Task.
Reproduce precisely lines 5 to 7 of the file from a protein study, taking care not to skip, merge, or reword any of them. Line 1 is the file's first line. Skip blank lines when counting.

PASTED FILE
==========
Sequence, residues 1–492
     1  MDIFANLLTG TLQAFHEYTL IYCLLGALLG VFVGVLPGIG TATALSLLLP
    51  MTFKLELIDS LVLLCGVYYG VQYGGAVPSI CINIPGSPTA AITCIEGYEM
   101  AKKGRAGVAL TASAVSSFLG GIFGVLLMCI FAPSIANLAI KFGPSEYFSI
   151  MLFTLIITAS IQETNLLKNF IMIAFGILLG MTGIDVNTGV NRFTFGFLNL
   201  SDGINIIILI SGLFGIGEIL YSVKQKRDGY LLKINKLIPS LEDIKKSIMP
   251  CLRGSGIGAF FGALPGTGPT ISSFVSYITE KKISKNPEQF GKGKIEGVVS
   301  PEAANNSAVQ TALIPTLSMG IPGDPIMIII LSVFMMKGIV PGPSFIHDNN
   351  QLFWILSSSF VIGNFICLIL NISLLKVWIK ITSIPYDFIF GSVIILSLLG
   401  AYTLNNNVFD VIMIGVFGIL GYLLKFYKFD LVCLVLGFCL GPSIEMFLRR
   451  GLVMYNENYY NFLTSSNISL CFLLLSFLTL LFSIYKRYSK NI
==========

   151  MLFTLIITAS IQETNLLKNF IMIAFGILLG MTGIDVNTGV NRFTFGFLNL
   201  SDGINIIILI SGLFGIGEIL YSVKQKRDGY LLKINKLIPS LEDIKKSIMP
   251  CLRGSGIGAF FGALPGTGPT ISSFVSYITE KKISKNPEQF GKGKIEGVVS